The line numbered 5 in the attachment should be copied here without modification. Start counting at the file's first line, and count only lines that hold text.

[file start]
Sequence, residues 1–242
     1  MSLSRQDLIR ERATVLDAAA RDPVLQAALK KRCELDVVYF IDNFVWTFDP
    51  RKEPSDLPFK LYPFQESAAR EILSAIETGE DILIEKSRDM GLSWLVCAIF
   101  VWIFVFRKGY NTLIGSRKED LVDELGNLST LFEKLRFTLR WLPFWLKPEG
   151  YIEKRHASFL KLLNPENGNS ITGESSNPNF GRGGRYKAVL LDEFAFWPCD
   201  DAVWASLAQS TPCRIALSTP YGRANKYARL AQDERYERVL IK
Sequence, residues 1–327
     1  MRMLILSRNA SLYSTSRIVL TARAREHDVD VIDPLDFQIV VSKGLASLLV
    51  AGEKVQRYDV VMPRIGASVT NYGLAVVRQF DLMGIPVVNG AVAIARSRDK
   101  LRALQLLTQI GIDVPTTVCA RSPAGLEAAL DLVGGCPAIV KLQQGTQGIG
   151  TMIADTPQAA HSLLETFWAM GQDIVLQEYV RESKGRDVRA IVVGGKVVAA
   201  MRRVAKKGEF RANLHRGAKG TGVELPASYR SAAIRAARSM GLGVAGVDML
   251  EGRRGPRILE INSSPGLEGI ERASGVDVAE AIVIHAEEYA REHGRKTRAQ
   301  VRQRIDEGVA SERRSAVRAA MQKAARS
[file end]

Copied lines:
   151  YIEKRHASFL KLLNPENGNS ITGESSNPNF GRGGRYKAVL LDEFAFWPCD